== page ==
During the semester, each student will take part in a field visit to a component of the juvenile justice system in order to observe firsthand the way the system functions. Sites will include juvenile court, a residential juvenile facility, juvenile probation and the juvenile unit of the Camden County Prosecutor's office. You will complete a paper in which you will discuss your reaction to what you have observed and provide reflections that incorporate material from the course materials. Thus, at a minimum, the paper should describe what you observed, what you learned from the experience, your reaction to it and a discussion of how the visit was related to what you have learned in class. Was the experience what you expected, based on the class readings and lectures? Did it cause you to change your mind in any way about the juvenile justice system or about delinquents? How did what you observe compare to what you learned in class? For instance, did it validate a particular theory? Contradict a theory? Portray a process that differed from what the book or lectures said?
The paper must be typed, double-spaced, with 1" margins all around and should not exceed five pages. Longer is not necessarily better, but a paper that is only, say,a page long will probably not demonstrate deep reflection about what you observed. Papers will be judged on the basis of both content and the quality of the writing. If you need assistance with writing skills, I urge you to contact the Learning Center in Armitage Hall (room 231) for help well in advance of the paper's due date. Grammatical errors, including incorrect spelling, will reduce the grade on a paper.
Working in small groups, students will be assigned the responsibility of responding to critical thinking exercises in the text by preparing a brief oral presentation and leading the class in discussion about the topic. Therefore, all students should be prepared to respond to questions posed by each presenting group and to discuss the topic with the entire class. The presenting group's presentation and discussion must be guided by empirical research or scholarly arguments found in the literature. Therefore, each member of a group is responsible for identifying an article from a peer-reviewed journal or an academic book that provides evidence or an argument either in support of or against a particular issue.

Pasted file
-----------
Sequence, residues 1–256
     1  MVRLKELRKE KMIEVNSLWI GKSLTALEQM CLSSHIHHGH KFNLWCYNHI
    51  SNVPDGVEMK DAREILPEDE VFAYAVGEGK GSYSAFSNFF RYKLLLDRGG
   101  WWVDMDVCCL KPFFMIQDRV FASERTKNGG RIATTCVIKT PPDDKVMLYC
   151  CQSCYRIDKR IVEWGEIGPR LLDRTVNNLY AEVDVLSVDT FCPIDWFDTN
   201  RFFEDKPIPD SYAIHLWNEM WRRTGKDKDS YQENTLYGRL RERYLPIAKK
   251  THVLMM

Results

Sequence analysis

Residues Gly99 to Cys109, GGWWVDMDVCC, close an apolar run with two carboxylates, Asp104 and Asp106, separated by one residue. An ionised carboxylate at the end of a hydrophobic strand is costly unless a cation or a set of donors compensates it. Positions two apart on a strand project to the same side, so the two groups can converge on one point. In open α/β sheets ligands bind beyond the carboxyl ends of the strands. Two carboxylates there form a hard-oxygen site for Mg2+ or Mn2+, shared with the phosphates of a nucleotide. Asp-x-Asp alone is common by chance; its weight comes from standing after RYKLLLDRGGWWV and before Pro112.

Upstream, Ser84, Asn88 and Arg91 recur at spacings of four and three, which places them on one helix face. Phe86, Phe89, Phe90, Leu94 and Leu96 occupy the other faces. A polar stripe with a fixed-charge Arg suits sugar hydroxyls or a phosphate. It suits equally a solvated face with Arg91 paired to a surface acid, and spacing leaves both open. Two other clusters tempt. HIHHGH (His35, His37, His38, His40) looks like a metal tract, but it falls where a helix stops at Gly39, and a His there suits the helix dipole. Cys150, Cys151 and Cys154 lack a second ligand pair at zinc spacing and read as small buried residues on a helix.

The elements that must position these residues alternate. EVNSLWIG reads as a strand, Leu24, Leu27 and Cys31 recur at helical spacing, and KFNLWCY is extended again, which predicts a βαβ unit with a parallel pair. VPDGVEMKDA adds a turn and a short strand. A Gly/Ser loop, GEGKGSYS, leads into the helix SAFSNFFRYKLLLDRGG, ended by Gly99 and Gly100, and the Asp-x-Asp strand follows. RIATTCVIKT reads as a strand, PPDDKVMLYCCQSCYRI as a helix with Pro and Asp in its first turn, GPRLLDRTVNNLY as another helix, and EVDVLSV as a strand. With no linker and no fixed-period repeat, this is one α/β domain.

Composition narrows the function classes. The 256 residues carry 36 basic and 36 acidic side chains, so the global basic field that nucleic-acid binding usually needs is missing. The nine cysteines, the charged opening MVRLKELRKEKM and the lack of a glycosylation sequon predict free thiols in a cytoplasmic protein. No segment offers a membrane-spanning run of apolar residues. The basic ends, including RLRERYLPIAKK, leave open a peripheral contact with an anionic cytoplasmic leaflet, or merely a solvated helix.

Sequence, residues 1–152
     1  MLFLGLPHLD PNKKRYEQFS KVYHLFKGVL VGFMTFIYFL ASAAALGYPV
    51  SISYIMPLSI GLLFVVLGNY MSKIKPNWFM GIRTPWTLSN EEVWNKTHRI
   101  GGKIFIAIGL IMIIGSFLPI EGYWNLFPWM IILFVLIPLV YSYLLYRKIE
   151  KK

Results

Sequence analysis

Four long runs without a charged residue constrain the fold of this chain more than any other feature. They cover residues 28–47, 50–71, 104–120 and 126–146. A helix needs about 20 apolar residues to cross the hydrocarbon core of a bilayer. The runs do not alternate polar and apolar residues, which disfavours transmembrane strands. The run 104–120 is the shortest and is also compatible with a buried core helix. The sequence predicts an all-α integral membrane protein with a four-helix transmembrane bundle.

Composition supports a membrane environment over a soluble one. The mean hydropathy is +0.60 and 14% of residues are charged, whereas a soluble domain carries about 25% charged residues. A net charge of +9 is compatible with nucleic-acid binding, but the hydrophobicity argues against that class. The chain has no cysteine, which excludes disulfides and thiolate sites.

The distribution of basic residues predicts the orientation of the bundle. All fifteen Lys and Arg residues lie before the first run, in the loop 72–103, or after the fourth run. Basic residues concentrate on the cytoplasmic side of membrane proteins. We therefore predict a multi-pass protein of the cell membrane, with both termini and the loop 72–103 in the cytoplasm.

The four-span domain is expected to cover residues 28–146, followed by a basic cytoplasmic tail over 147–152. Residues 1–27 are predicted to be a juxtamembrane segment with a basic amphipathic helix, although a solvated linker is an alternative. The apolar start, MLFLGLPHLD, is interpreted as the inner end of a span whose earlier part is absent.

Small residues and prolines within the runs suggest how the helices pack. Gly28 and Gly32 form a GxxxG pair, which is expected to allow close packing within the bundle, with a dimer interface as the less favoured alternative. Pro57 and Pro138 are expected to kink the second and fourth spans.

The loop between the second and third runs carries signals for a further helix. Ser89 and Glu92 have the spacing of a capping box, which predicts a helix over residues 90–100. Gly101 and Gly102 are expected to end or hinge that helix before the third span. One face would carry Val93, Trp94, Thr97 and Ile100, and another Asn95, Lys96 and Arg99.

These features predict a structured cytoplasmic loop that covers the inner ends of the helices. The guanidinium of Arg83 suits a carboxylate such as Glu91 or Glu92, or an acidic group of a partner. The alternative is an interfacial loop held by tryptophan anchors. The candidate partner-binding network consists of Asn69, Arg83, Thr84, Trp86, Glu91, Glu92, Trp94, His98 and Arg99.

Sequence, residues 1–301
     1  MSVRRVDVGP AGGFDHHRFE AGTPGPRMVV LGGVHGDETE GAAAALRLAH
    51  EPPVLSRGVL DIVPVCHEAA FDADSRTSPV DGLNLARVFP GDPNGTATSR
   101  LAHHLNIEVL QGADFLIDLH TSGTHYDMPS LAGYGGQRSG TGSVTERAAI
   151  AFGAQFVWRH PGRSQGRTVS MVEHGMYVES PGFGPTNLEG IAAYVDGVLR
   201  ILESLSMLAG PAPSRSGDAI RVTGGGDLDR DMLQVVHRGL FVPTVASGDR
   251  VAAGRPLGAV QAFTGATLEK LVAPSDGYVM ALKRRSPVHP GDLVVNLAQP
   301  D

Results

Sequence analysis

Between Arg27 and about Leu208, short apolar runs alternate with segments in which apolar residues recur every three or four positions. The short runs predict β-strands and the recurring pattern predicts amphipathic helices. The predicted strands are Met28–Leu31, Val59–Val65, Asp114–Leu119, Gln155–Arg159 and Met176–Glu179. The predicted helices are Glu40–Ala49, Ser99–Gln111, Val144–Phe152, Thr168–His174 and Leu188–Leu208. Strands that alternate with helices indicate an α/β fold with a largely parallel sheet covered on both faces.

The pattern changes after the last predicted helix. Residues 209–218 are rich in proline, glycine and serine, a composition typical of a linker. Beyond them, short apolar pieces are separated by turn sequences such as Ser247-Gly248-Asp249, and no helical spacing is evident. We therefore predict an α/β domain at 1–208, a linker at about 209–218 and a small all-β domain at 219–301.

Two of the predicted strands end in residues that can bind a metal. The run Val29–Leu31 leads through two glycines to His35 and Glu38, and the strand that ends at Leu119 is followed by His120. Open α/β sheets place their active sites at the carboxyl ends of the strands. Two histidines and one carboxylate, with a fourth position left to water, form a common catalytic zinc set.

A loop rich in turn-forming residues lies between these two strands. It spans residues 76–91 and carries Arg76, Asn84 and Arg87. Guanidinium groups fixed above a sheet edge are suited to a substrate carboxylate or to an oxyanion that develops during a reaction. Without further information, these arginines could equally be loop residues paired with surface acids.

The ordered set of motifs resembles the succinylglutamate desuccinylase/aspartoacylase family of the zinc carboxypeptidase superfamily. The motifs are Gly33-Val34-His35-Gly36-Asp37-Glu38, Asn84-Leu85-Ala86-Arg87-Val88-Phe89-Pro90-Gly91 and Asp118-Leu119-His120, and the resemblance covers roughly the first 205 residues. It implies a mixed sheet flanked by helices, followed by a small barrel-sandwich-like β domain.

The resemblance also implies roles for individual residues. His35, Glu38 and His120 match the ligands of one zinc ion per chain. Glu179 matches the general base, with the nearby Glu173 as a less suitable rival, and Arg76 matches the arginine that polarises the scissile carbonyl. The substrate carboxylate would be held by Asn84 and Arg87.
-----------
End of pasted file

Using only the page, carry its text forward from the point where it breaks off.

These projects will require that the group decide together exactly what they need to know in order to make a reasoned presentation and lead an intelligent discussion, one in which the group members will be able to respond to other students' opinions with facts. As an example, suppose the exercise asked you to decide whether all delinquents should be required to wear ankle monitors to school. While you may have an instinctive reaction to that idea - either for or against it - the group's job will be to investigate the wisdom of this policy, report that to the class, and then pose questions that will evoke discussion. Therefore, the group would probably want to know whether ankle monitors have any effect on delinquency or crime , so they would need to look for articles that examine the efficacy of electronic monitoring. They may also want to find out what theoreticians have said and researchers have learned about the effects of labeling and stigma on juveniles. Their own discussions will help them identify other issues related to this proposed policy that they may want to investigate prior to the discussion.
The exact requirements for this assignment are as follows:
1) At least two weeks prior to its presentation, submit a list of references the group proposes to use, formatted in accordance with APA style. If you are in doubt about whether a journal is a peer-reviewed one, check my home page for a link to a list of such journals.
2) In-class group presentation and group leadership of class discussion
3) Hand in either a written version of the presentation, including appropriate citations in APA style, or a printed copy of a PowerPoint presentation. Groups are NOT required to create a PowerPoint presentation.
4) Turn in completed evaluations of fellow group members' contributions as well as a self-assessment of your own work on the project.
The grade that each group member earns for this project may differ from that earned by other group members. Each group member will be required to grade every other member in the group, explain what each person's contribution was, and do the same for him or herself. Thus, it is possible for three members of a group to receive an A while a fourth receives a D because he or she did not speak at all during the presentation and it was clear from the other students' assessments that he or she contributed almost nothing to the project.
will be evaluated on the basis
of test scores, the reaction paper, the group project, and
participation in class discussions. Final grades will be
on the following basis:
30% (15% each)